Amenorrhea differential diagnosis

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Editor-In-Chief: C. Michael Gibson, M.S., M.D. [1]; Associate Editor(s)-in-Chief: Eiman Ghaffarpasand, M.D. [2], Mehrian Jafarizade, M.D [3]

Overview

As amenorrhea manifests in a variety of clinical forms, differentiation must be established in accordance with the particular subtype. Primary amenorrhea must be differentiated from other diseases that cause lack of menstrual cycle, such as Mullerian agenesis, 3-beta-hydroxysteroid dehydrogenase type 2 deficiency, androgen insensitivity syndrome, Kallmann syndrome, Turner syndrome, and 17-alpha-hydroxylase deficiency. In contrast, secondary amenorrhea must be differentiated from other diseases that cause menstrual cycle arrest, such as primary ovarian insufficiency, hypothyroidism, hyperprolactinemia, polycystic ovary syndrome, and Asherman's syndrome.

Differentiating Diseases with Amenorrhea from each other

As amenorrhea manifests in a variety of clinical forms, differentiation must be established in accordance with the particular subtype. Primary amenorrhea must be differentiated from other diseases that cause lack of menstrual cycle, such as Mullerian agenesis, 3-beta-hydroxysteroid dehydrogenase type 2 deficiency, androgen insensitivity syndrome, Kallmann syndrome, Turner syndrome, and 17-alpha-hydroxylase deficiency. In contrast, secondary amenorrhea must be differentiated from other diseases that cause menstrual cycle arrest, such as primary ovarian insufficiency, hypothyroidism, hyperprolactinemia, polycystic ovary syndrome, and Asherman's syndrome.

Group Diseases Laboratory Findings Physical Examination Other Findings
Estrogen Progesterone GnRH LH FSH Androgen TSH T4 PRL Karyotype Externl genitalia Breast development Pubic hair Uterus
Primary amenorrhea Mullerian agenesis[1] Nl Nl Nl Nl Nl Nl Nl Nl Nl 46 XX Nl + + -
3-beta-hydroxysteroid dehydrogenase type 2 deficiency Nl Nl Nl Nl Nl Nl Nl Nl 46 XX Clitoromegaly -/+ + +
Androgen insensitivity syndrome[2] Nl Nl Nl ↑↑ Nl Nl Nl 46 XY Nl + + -
Kallmann syndrome[3] ↓↓ Nl Nl Nl 46 XX Nl - - +
Turner syndrome[4] ↓↓ Nl Nl Nl Nl 45 XO Nl +/- + +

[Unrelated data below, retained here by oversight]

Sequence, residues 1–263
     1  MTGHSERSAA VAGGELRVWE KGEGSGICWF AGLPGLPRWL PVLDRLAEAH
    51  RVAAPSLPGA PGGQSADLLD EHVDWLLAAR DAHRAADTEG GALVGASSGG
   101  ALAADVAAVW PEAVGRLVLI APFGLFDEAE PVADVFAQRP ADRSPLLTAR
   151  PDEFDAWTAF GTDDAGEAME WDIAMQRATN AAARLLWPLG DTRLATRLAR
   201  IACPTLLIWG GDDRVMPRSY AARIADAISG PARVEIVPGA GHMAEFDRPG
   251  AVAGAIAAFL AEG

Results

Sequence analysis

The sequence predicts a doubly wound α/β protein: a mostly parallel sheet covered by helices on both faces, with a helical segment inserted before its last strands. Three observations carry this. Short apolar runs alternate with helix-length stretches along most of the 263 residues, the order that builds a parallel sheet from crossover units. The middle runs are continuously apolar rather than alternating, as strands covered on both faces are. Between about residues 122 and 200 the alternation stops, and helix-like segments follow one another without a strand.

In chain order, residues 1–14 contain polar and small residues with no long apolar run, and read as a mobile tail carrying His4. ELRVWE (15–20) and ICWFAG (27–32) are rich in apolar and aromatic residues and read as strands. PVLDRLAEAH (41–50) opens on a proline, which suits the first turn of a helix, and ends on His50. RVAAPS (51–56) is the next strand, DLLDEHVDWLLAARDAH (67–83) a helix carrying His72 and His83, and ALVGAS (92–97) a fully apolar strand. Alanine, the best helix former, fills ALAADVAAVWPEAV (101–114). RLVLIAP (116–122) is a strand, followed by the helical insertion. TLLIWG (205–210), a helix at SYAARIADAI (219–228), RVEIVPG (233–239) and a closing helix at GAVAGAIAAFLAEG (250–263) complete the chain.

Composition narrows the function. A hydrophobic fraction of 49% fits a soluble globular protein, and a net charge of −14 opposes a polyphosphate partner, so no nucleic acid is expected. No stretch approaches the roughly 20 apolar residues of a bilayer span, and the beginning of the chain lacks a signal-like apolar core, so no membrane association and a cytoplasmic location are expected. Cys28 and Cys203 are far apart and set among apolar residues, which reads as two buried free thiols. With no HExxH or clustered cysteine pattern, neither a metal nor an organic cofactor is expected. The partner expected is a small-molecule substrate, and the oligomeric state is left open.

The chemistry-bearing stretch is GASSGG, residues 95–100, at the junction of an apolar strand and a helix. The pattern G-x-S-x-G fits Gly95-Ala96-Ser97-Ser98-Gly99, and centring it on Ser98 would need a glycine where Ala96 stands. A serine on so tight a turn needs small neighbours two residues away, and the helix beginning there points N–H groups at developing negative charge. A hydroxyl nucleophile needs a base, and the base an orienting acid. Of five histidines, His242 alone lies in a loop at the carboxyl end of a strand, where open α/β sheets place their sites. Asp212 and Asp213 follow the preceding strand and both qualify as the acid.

17-alpha-hydroxylase deficiency Nl Nl Nl Nl 46 XY Infantilism - - -
Secondary amenorrhea Primary ovarian insufficiency[5] ↓↓ Nl Nl Nl Nl 46 XX Nl + + +
Hypothyroidism[6] Nl Nl Nl Nl Nl ↑↑ ↓↓ Nl 46 XX Nl + + +
Hyperprolactinemia[7] Nl Nl 46 XX Nl + + +
Polycystic ovary syndrome[8] ↓↓ ↓↓ Nl Nl Nl 46 XX Nl + + +
Asherman's syndrome[9] Nl Nl Nl Nl Nl Nl Nl Nl Nl 46 XX Nl + + +

References

  1. Folch M, Pigem I, Konje JC (2000). "Müllerian agenesis: etiology, diagnosis, and management". Obstet Gynecol Surv. 55 (10): 644–9. PMID 11023205.
  2. "Current evaluation of amenorrhea". Fertil. Steril. 82 (1): 266–72. 2004. doi:10.1016/j.fertnstert.2004.02.098. PMID 15237040.
  3. Albanese A, Stanhope R (1995). "Investigation of delayed puberty". Clin. Endocrinol. (Oxf). 43 (1): 105–10. PMID 7641400.
  4. Sybert VP, McCauley E (2004). "Turner's syndrome". N. Engl. J. Med. 351 (12): 1227–38. doi:10.1056/NEJMra030360. PMID 15371580.
  5. Nelson LM (2009). "Clinical practice. Primary ovarian insufficiency". N. Engl. J. Med. 360 (6): 606–14. doi:10.1056/NEJMcp0808697. PMC 2762081. PMID 19196677.
  6. Kalro BN (2003). "Impaired fertility caused by endocrine dysfunction in women". Endocrinol. Metab. Clin. North Am. 32 (3): 573–92. PMID 14575026.
  7. Pickett CA (2003). "Diagnosis and management of pituitary tumors: recent advances". Prim. Care. 30 (4): 765–89. PMID 15024895.
  8. "ACOG practice bulletin clinical management guidelines for obstetrician-gynecologists. Number 40, November 2002". Obstet Gynecol. 100 (5 Pt 1): 1045–50. 2002. PMID 12434783.
  9. Fritz, Marc (2011). Clinical gynecologic endocrinology and infertility. Philadelphia: Wolters Kluwer Health/Lippincott Williams & Wilkins. ISBN 978-0781779685.

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